Sophos announced Wednesday that it has acquired Intel-backed Capsule8 to help expand detection and response solutions for underprotected and underserved server and cloud environments running Linux systems.
New York-based Capsule8 drives development of Linux security, which has become the dominant operating system for on-premise and cloud workloads, especially those used for high-scale workloads, production infrastructure and storing critical business data.
“Capsule8 provides very advanced Linux protection,” Dan Schiappa, chief product officer for Sophos, told CRN. “That’s an area that’s pretty weak in the industry, which is one of the reasons why we’re excited about the acquisition. That’s an entry point. Sophos already protects more than two million servers for over 85,000 customers worldwide, and the Sophos server security business is growing at more than 20 percent per year.”
Terms of the deal were not disclosed.
Abingdon, U.K.-based Sophos expects to implement Capsule8 technology into its recently launched Adaptive Cybersecurity Ecosystem (ACE) as well as its XDR solutions, Intercept X server protection products, and Sophos MTR and Rapid Response services later this fiscal year. The technology will further expand and enhance Sophos’ data lake and deliver intelligence and advanced threat hunting, security operations and customer protection practices.
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“Comprehensive server protection is a crucial component of any effective cybersecurity strategy that organizations of all sizes are increasingly focused on, especially as more workloads move to the cloud,” Schiappa said. “With Capsule8, Sophos is delivering advanced, differentiated solutions to protect server environments and expanding its position as a leading global cybersecurity provider.”
“Capsule8 is the premiere purpose-built detection and response platform for Linux,” said John Viega, CEO, Capsule8. “We provide security teams with the crucial visibility they need to protect Linux production infrastructure against unwanted behavior, while at the same time addressing cost, performance and reliability concerns. With Capsule8’s technology, organizations are no longer forced to choose between system stability and security risk. Given the growth and mission-critical nature of Linux environments, and the fast-changing, targeted threat landscape, organizations must be confident that their Linux environments are both performant and secure.”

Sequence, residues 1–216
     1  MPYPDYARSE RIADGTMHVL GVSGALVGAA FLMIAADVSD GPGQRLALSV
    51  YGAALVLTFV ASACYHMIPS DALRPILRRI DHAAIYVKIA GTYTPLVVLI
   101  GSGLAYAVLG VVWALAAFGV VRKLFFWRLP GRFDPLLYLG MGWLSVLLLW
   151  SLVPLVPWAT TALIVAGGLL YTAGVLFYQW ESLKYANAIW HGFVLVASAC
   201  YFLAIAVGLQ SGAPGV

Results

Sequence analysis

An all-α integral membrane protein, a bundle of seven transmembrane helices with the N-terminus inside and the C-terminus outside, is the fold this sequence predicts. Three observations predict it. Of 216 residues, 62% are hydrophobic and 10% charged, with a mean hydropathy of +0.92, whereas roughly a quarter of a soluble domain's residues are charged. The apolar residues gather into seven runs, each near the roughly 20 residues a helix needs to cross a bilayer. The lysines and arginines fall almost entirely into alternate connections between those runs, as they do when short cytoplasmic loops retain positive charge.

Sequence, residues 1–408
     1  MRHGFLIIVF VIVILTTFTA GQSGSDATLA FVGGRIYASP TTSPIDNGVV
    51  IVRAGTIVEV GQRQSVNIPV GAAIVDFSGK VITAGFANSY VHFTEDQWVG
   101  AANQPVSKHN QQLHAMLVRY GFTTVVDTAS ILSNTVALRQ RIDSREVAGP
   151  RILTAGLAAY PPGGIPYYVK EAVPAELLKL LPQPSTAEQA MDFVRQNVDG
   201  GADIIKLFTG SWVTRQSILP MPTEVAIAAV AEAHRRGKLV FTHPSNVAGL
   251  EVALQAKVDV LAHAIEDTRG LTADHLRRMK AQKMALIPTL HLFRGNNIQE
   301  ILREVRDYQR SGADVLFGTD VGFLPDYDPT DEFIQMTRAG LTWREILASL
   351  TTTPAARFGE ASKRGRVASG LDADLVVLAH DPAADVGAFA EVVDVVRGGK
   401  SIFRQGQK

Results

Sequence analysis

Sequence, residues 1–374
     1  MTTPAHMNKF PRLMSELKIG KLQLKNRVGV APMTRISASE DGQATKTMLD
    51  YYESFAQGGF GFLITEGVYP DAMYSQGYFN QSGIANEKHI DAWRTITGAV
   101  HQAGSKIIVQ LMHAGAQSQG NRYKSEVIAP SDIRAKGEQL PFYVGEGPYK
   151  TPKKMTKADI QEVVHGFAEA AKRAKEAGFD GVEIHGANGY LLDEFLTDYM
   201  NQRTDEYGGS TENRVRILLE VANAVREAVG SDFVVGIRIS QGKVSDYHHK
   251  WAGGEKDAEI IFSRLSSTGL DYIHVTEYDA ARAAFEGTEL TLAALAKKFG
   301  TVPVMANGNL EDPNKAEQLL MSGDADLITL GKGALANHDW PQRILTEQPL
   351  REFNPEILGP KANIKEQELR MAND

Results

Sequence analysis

SophosLabs threat intelligence continues to reveal that adversaries are designing tactics, techniques, and procedures (TTPs) aimed specifically at Linux systems, many times exploiting server software as an initial entry point.
“There‘s a bunch of things that we see within SophosLabs that are still surprising to us,” Schiappa said. “We still see too many companies that have services open to the internet without proper authentication capabilities, like remote desktop protocol.
“Attackers today are incredibly aggressive and nimble as they adapt their TTPs to focus on the easiest, largest or fastest-growing opportunities,” he added. “As more organizations shift to Linux servers, adversaries have noticed, and they are adapting and customizing their approaches to attack these systems. To stay protected, organizations must factor in a strong, but lightweight layer of Linux security that automatically integrates and shares intelligence with endpoint, network and other security layers and platforms within an estate.”
Capsule8 has 34 employees and has raised a total of $30 million in funding, according to Crunchbase. The company in 2019 said it raised a “multimillion-dollar investment” from Intel Capital and existing investors ClearSky Security and Bessemer Venture Partners.RELATED TOPICS:
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